My name is Dr. Rohit Gowda. I’m a Paediatrician with special interest in Gastroenterology and Nutrition and work at the Maidstone and Tunbridge Wells Hospitals in the NHS and at Nuffield Health Tunbridge Wells Hospital (private practice). I’m keen to share my thoughts on some nutritional problems that I see in children in day to day clinical care and highlight some resources that may be beneficial for you.
There has been a worrying trend in childhood obesity in the UK. We have seen an increase in obesity nationwide. One in five children are overweight or obese in Reception year and one in three children are obese or overweight when they leave primary school (department of health statistics).
Adopting a healthy lifestyle from the onset is key. Children are likely to adopt the same eating and lifestyle patterns as their parents and hence its important for the whole family to take part. I would certainly recommend looking at the ‘Eat well guideʼ (pictured further below).
Exercise and eating together certainly enhances your overall fitness levels. I use in the clinic the WHO growth chart app. This tells you what the height and weight and BMI centiles are for your child and is a nice way of keeping track of things – something like an online red book.
I found the following links very helpful for parents with regard to nutrition and exercise:
♥ Department of Health UK Physical Activity Guidelines for ages 1 to 5 and 5 to 18 years old – which can be accessed HERE.
♥ Change 4 Life – fantastic website with receipes, charts and lots of practical tips – which can be accessed HERE.
♥ Start active, stay active inforgraphics on phycial activity for children – which can be accessed HERE.
Good eating habits develop with a consistent family approach. Encourage the child to eat the same foods as the rest of the family. As a guide for small children in general (1-5 years) but could also apply to a bigger child, they need the following:
1. A beaker of milk, small chunk of cheese and one yoghurt – (100 to 120 mg pot)
2. Meat, dhal, beans, eggs or fish at least twice a day
3. Fruit and veg – fresh, tinned, dried fruit or frozen with every meal
4. Starch at every meal (rice, pasta, potatoes, bread, chapatti, breakfast cereal)
5. At least one food containing iron (eggs, meat, oily fish, green veg, beans, cereals fortified with iron)
6. Vitamin C – helps absorb iron and can be included with foods that are rich in iron (green veg, diluted orange juice, blackcurrant, an orange or satsuma).
Fluids are also an important part of nutrition and hydration. For little ones as soon as possible, encourage them to drink from a cup as drinking from a bottle increases the risk of tooth decay. You can start your child on full fat milk after one year or semi-skimmed milk after 2 years if your child is eating a good mixed diet.
Water between meals is the best option. Restrict diluted and unsweetened juice to meal times to reduce the risk of tooth decay. Sweet and fizzy drinks including diet varieties can cause tooth decay and spoil the childʼs appetite. Do not give in a bottle. Do not give tea and coffee at mealtimes as they reduce the absorption of iron and do not add sugar to drinks.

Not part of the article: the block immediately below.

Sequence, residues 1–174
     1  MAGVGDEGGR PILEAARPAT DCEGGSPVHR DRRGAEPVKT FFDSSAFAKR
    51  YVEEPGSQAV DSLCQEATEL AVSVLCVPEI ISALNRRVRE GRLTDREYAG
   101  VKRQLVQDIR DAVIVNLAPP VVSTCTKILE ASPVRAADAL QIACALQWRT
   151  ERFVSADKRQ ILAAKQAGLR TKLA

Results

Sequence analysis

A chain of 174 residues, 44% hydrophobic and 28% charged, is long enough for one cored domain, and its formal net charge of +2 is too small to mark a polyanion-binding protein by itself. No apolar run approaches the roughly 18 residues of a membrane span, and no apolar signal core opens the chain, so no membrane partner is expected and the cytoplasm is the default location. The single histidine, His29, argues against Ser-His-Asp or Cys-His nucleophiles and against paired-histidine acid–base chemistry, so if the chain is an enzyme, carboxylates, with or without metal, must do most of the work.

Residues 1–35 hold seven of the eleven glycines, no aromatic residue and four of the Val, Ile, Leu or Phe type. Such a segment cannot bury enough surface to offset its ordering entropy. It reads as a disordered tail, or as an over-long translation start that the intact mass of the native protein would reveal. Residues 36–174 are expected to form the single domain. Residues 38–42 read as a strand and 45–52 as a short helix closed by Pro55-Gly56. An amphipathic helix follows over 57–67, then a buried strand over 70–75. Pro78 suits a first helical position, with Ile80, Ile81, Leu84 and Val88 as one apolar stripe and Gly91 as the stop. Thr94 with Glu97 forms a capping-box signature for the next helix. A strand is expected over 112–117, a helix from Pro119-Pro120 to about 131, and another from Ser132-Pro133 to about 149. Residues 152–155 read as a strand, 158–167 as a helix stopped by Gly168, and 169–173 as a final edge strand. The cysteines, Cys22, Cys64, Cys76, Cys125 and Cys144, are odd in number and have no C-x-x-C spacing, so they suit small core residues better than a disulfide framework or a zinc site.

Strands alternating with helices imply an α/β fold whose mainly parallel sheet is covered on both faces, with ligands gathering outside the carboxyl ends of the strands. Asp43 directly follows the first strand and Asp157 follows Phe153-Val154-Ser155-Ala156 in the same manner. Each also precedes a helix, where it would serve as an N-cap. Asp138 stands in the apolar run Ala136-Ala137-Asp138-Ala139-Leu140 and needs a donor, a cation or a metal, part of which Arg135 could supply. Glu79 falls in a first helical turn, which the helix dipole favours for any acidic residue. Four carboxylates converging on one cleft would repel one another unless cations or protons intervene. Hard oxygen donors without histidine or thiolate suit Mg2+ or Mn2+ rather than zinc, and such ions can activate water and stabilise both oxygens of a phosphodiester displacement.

Constipation is a common problem in toddlers and young children and I see a number of children who come to me having suffered with this problem for a long time. These children often require medications to help them but a lot of them do have issues with diet.
Fibre and fluid are important ingredients of our diet. They help to prevent development of hard stools and constipation. In children with established constipation dietary measures may not provide immediate benefits but help in the long term. Water at least 6-8 times per day is beneficial. Choose whole meal breakfast cereals like porridge, Weetabix, bran flakes, shredded wheat, Shreddies, or a mixture of these and cereals.
You could add fresh or dried fruit to cereals. Have plenty of vegetables and fruit with meals. Leave the skins on but wash thoroughly. I often use the Bristol Stool Chart in children to help identify problem poos and aid my management plans.
There is a trend towards dietary elimination in children, particularly toddlers who have symptoms like diarrhoea or tummy pains. Often a number of diets are trialled by desperate parents. These diets can be unhelpful and can put the parents under a lot of stress both physically and financially.
Before trialling any dietary elimination it is always best to seek advice from your doctor to ensure the elimination of food is done for the right reasons. If in doubt, the doctor can seek advice from a specialist. Most cases I see in young children are functional gut disorders where there is no significant dietary change required immediately and some of them may need investigations to rule out conditions like coeliac disease. In these patients there may be a delay in diagnosis if they have eliminated some foods.
I hope this information is helpful in answering some questions about childrenʼs nutrition and some common problems in childhood. Look forward to sharing some more of my thoughts in the future about other child health topics.
To find out more about children’s medical services at the Nuffield Tunbridge Wells Hospital, visit the website HERE.